WORLD CUP 2018*Says Group D with Nigeria tough, confident of qualification to knock out stageBy Duro Ikhazuagbe Former Iceland, Chelsea and Barcelona striker, Eidur Gudjohnsen, has revealed that when the Super Eagles line up to take on the European nation at the World Cup 2018, over 8,000 of their travelling fans from home will be in the stand drumming support for them.Nigeria is scheduled to play her second Group D game against Iceland at the 45,000-capacity Volgograd Arena in VolgogradÂ onÂ Friday, June 22, 2018.While the bickering amongst the factions of the Nigerian football supporters is yet to abate, Gudjohnsen confirmed yesterday that theÂ 8,000 Iceland fans have already secured their tickets from FIFA.Speaking at the opening of FIFA Football Park in Rostov-on-Don, one of the host cities of Russia 2018, the former Chelsea star admitted that the Group pairing involving his country Iceland, Nigeria, Croatia and Argentina was going to be a tough one for the two qualifiers for the knock out stage to emerge.â€œWe have a tough group, but weâ€™re quietly confident,â€ observed Gudjohnsen whose country was one of the surprise semi finalists of the 2016 European Championship hosted by France.Â â€œThe most important thing for the Iceland team is that they return home after the World Cup with their heads held high, no matter what the result is. We have a tough group, but weâ€™re quietly confident,â€ added Gudjohnsen as he kicked the official match ball of Russia 2018 around at the just opened Fan Park in Rostov-on-Don.He expressed his happiness at been selected to be the guest star for the opening ceremony of the centre expected to cater for fans without tickets to the main arena but can still follow up matches live on giant screens at the Fan Parkâ€œIâ€™m happy to be at this Football Park, which will also be the FIFA Fan Fest venue during the World Cup. As we can see, a lot of people are having fun here todayÂ Â (Sunday) and even more will enjoy it during the tournament. Iâ€™m sure that Icelandic fans, who will come here to support the team, will feel the same,â€ he noted with excitement.With 74 days left until the start of the biggest football event on the planet, the 2018 FIFA World Cup Football Park continue its journey through Russia, giving an early taste of the tournament to fans in each of the host cities.After the opening ceremony in Sochi last weekend with Portuguese FIFA Legend Nono Gomes part of the show, the opening of the Rostov-on-Don centre yesterday has added to the excitement being created for the biggest football event on the planet.Nigeria is scheduled to open her Russia 2018 show with the game against CroatiaÂ onÂ June 16Â inÂ Kaliningrad. The third and last Group D game is against ArgentinaÂ onÂ Tuesday, June 26,Â 2018Â at the 68,000-capacity Saint Petersburg Stadium.Share this:FacebookRedditTwitterPrintPinterestEmailWhatsAppSkypeLinkedInTumblrPocketTelegram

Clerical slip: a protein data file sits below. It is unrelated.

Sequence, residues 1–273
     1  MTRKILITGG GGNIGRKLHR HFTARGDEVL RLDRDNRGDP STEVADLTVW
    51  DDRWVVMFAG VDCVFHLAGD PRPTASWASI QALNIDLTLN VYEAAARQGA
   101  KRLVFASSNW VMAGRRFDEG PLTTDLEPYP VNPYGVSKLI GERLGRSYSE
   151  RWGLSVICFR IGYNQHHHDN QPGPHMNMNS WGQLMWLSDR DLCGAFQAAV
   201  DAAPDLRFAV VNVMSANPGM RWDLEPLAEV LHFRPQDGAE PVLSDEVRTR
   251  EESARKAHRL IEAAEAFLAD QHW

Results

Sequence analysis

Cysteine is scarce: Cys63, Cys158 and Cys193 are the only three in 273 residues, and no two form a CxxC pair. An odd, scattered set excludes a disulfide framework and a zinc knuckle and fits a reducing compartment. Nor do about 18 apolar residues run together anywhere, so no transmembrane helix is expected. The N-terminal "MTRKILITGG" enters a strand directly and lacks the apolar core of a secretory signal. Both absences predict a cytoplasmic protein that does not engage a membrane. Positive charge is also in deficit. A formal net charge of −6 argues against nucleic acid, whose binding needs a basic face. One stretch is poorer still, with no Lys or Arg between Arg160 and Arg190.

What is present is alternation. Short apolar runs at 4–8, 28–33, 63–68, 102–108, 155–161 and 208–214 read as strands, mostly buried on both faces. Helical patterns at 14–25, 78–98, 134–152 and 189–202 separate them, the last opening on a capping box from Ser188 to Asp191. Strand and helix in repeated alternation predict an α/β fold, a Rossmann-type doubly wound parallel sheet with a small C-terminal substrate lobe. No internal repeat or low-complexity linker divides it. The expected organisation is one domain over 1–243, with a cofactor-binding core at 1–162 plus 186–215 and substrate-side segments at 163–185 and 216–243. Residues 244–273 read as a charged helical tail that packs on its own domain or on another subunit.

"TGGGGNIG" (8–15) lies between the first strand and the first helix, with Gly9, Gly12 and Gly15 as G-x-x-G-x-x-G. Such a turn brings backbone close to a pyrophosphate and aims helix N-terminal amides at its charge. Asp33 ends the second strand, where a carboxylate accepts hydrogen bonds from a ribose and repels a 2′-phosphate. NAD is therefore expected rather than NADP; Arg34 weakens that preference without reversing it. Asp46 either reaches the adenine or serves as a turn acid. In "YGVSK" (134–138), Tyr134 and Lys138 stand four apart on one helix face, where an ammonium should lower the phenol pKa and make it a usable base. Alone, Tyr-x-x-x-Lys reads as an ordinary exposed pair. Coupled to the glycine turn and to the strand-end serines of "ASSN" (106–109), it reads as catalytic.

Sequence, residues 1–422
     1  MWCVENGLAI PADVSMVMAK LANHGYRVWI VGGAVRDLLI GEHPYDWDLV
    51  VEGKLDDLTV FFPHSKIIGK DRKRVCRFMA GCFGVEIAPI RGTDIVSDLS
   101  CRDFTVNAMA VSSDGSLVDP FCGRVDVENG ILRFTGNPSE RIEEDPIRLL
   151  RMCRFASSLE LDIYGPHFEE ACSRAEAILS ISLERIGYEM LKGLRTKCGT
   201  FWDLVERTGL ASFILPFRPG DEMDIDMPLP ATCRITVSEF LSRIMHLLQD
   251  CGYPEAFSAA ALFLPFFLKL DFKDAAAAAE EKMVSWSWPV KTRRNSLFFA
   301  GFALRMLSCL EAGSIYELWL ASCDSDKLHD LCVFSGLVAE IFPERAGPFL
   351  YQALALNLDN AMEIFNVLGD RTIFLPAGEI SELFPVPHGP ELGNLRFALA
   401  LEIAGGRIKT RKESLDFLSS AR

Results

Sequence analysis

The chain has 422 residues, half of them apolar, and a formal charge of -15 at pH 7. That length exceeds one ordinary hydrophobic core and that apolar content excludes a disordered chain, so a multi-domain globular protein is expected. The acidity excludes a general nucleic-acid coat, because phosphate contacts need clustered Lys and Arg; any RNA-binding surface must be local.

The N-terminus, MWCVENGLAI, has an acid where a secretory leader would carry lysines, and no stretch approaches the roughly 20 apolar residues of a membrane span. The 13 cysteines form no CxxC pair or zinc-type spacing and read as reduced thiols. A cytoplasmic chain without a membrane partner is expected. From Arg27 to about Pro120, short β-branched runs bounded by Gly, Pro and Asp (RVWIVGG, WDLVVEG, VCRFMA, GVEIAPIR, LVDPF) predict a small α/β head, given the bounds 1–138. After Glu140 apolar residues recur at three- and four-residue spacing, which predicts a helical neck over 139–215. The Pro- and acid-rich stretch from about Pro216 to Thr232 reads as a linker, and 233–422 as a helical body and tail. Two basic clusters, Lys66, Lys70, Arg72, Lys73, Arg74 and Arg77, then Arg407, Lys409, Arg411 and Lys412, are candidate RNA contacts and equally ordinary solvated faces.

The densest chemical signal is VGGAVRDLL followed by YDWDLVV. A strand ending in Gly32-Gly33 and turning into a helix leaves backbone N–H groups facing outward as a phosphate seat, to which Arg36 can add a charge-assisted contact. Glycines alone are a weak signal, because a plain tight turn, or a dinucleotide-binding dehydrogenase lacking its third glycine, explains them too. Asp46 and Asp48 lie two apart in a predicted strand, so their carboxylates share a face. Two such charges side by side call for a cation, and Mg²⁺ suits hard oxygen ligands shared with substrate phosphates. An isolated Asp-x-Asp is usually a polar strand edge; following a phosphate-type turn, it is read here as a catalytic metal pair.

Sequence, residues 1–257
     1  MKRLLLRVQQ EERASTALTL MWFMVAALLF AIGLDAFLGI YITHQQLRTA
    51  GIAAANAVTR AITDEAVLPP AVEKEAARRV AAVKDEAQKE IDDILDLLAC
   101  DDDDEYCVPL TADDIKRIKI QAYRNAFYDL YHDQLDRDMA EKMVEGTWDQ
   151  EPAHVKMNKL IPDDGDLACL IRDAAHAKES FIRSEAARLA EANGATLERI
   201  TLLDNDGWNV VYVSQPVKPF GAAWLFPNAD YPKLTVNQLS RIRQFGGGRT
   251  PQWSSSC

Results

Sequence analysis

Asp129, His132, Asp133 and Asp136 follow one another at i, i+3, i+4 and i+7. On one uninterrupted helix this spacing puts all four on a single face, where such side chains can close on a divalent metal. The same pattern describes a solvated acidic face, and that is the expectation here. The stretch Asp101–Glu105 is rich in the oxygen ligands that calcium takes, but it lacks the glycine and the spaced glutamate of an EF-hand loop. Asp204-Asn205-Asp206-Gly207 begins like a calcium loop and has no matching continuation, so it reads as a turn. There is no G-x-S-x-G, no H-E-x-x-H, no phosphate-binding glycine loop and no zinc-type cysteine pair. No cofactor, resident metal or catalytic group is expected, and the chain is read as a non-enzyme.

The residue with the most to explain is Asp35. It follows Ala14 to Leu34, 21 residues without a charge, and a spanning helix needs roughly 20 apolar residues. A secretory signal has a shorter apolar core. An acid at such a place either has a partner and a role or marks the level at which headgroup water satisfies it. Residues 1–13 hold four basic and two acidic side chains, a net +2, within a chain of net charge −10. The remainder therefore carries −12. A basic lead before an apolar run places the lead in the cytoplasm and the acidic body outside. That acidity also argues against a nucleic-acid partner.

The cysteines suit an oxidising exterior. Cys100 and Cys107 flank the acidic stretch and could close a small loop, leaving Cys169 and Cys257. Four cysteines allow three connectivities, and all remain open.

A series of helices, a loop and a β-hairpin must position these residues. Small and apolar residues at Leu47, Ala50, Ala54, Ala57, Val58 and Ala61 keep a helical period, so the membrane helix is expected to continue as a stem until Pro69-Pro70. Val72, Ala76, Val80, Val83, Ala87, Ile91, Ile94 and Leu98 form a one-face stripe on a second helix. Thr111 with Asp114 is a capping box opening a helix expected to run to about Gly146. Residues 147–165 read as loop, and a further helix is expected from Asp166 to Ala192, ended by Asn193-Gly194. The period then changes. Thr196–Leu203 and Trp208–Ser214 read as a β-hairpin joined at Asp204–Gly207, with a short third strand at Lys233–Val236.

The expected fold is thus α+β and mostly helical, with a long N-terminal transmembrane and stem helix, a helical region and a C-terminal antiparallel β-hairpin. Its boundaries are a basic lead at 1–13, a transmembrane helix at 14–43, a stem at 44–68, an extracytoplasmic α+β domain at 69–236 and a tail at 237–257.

11 February 2016A rhino calf, abandoned by its mother on New Year’s Eve in the Aquila Private Game Reserve in the southern Karoo, has been named Osita, a name of Nigerian (Igbo) origin and meaning “from today onwards it will be better”.The public was invited to suggest names, which were shortlisted to the following six:Nusura: meaning “escaped death” or “survivor” in Swahili;Osita: (Osita di nma) meaning “from today onwards it will be better” in Igbo;Kito: meaning “a rare find, valuable and beautiful” in Swahili;Orion: the rhino was found with the constellation Orion’s Belt directly above it;Bijoux: meaning “rare jewel” in French; and,Bahati: meaning “good fortune” in SwahiliA SMS line was set up for people to vote for their favourite name.The game reserve said life would certainly be better for Osita. “Now weighing over 100 kilograms and gulping down over 20 litres of equine milk formula every day at three hourly feeds, he is strong, boisterous, mischievous and inquisitive.”Watch Osita run and play here:Osita’s handler, Divan Grobler, said the calf “walks to the beat of his own drum”.People who submitted the shortlisted names each won a day-trip safari, and the winner won a one-night stay at the lodge.Osita will have an informal naming ceremony on Valentine’s Day in the morning.SouthAfrica.info reporter